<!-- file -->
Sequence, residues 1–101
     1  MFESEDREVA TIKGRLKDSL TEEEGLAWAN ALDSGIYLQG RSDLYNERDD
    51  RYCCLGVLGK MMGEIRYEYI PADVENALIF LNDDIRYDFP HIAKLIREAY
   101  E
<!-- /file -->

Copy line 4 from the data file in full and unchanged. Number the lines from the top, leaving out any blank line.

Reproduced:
   101  E